Spotlight on Innovation: How Delta State’s Okra Scholars Program Hopes to Provide Systematic Intervention for the Most At-Risk Students

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The US Department of Education has awarded multi-million dollar “First in the World” grants to 24 colleges and universities that are innovating to solve critical challenges with access, recruitment, retention, and student success. At AI, we have interviewed each of the recipients to learn more about the projects these institutions are pursuing, how their approaches are unique, and what other colleges and universities can learn from these new efforts.

At Delta State University in Cleveland, MS, students who score between 17 to 21 on the ACT, are Pell-eligible, and are first-generation college students or residents of the Mississippi Delta face additional challenges to stay in college. These students accounted for more than half of DSU’s Fall 2012 freshmen class. This range represents a student cohort for whom timely and consistent intervention can have the greatest impact.

To help those students finish their degree and do so in four to five years, DSU has established the Okra Scholars program, which will use a $1.6 million First in the World grant to establish a holistic, integrated student support approach for this targeted group of at-risk students. We reached out to project director Christy Riddle to learn more.

A Closer Look at the Okra Scholars

A Commitment to Completion
The first thing the Okra Scholars will do is make a Commitment to Completion. This is a mutual commitment: “The students commit to earning a college degree within four to five years, and DSU commits to providing the support system essential for them to graduate,” Riddle explains. “We’re hoping to reveal their academic and personal capabilities and potential. Consequently, students will perform at their optimal levels in college and successfully complete their degrees.”
Support for Students
In keeping this commitment, DSU will provide support for students through:

  • Faculty mentors
    …who will maintain on-going, consistent communication with their assigned Okra Scholars, and who will proactively engage the team with any concerns about a student. The faculty mentors will act as professionals for academic support and advice, and create an engaging and safe environment to communicate with Okra Scholars through social media and traditional one-on-one sessions.
  • An Okra Scholars programmatic team
    …who will provide academic and career counseling to help students stay on track through graduation and beyond. The team will use data to provide strategic, targeted support that can be used to plan effective academic workshops and professional development trainings. They will also use information about students’ personal interests, work and social activities, study skills, time managing abilities and other data that help identify factors that hinder success.
  • Peer mentors
    …drawn from returning Okra Scholars.

The Okra Scholars will be drawn from a pool of eligible students who are invited to participate. Eligible students include those who score between 17 and 21 on the ACT, are Mississippi Delta natives, Pell-grant eligible or first-generation college students. This spring, DSU randomly selected 50 students from the pool as the initial cohort; those 50 students will remain in the Okra Scholars program all four years. New groups of students will enter the program each fall.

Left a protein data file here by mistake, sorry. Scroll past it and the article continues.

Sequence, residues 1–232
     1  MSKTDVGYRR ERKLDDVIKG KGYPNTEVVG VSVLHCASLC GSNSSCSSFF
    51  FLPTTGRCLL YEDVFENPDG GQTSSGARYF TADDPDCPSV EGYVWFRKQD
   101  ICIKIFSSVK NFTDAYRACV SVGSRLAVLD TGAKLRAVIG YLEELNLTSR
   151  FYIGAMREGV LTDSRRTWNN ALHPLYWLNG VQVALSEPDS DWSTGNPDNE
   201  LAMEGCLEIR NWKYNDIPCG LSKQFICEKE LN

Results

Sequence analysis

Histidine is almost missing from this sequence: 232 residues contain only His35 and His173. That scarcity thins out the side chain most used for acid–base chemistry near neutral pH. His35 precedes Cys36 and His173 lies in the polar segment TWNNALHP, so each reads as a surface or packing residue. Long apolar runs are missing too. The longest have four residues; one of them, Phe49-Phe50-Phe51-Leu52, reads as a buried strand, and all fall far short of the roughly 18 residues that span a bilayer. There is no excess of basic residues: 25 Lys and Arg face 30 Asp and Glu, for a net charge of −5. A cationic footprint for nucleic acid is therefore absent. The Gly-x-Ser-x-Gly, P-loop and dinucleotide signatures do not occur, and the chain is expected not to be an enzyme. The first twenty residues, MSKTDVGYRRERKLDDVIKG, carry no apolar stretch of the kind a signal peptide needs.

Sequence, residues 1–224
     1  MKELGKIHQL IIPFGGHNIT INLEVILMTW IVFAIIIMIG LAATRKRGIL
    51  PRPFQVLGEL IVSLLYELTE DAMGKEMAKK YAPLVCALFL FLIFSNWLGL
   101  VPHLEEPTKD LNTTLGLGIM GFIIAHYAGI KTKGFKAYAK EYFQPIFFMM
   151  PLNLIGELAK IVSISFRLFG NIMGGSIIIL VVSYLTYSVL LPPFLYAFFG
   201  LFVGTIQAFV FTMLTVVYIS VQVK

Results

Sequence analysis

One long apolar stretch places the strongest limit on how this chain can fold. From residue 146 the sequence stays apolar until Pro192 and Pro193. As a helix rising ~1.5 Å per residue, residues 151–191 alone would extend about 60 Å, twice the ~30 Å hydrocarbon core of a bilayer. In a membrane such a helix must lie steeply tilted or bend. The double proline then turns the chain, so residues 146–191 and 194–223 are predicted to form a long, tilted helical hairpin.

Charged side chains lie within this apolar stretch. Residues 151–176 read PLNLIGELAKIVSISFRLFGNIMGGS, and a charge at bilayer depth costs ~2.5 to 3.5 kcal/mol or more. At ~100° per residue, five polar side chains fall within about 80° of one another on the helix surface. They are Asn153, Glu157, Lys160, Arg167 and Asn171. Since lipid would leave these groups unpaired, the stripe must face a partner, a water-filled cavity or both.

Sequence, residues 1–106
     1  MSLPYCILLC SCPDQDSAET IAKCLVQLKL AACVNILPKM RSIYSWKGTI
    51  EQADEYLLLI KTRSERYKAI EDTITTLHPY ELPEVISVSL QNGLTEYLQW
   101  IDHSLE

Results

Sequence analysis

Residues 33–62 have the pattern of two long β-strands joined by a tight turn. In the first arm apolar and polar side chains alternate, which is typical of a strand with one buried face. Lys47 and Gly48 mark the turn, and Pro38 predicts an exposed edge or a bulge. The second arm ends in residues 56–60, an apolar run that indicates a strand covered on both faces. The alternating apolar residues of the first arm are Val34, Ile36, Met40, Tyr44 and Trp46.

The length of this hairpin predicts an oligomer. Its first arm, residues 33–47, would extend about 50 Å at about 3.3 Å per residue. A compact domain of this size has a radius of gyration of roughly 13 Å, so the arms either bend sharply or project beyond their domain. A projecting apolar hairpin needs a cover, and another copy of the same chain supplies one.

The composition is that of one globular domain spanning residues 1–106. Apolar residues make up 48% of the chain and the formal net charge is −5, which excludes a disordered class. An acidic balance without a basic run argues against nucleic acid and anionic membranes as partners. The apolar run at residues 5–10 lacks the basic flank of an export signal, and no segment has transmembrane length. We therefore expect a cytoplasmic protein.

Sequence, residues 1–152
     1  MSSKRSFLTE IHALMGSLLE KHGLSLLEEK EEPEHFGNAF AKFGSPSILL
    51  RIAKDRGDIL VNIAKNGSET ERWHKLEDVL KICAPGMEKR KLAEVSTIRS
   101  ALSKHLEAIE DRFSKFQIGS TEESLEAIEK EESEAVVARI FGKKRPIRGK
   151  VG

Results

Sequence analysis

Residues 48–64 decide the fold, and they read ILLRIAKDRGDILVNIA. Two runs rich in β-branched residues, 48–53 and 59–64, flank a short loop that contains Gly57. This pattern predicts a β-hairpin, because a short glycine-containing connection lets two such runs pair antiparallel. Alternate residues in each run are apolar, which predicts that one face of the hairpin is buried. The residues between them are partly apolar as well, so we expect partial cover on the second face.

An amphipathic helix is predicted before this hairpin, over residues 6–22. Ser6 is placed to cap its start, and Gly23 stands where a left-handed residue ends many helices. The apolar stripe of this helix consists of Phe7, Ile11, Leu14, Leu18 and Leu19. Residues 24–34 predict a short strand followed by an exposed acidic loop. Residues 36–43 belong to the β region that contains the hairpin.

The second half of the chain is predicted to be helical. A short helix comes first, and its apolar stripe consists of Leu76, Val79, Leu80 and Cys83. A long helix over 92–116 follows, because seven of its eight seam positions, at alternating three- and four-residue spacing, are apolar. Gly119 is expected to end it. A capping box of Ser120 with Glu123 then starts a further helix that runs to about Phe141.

According to Riddle, there has been great interest in the program from students this year, and DSU is looking into increasing the number of students selected next year.

Keys to the Project’s Success

Maintaining student motivation will be the biggest challenge, Riddle points out, and they are structuring the Okra Scholars project to anticipate and meet those needs. Streamlined and engaging academic and career support services throughout a student’s academic journey are vital for the project’s success.

Support needs to go beyond academics to fostering a supportive relationship between students and the campus, Riddle emphasizes: “Students at DSU are not just a number, and DSU’s faculty, staff, community and student body reflect this belief.”

Many of the supports built into the Okra Scholars project will address obstacles for first-generation, underprepared and underrepresented students by providing:

  • Access to career-focused interest assessments for students to identify personal strengths
  • Cultural and service learning experiences
  • Faculty mentors who guide participants through college transitional issues
  • Collaborative learning classes with others who share common experiences
  • Academic counseling and coaching to address deficient academic skills
  • Embedded professional development workshops for students to excel in employment and internships

Why You Should Watch this Project

“As the priority to effectively educate underprepared students increases,” Riddle remarks, “universities will look to employ intervention strategies that systematically support those students. We are looking to provide integrated services that are scalable and replicable.”

What’s especially interesting to us at AI is the targeted nature of their approach. Delta State has taken a close look at leading indicators that students may be at risk, relying not on national data but on an analysis of their own historical data. It’s a step in the direction of predictive analytics, which will be critical in allocating resources to where they matter most in moving the needle on persistence and completion rates.

What data is your institution looking at? How do you predict student success?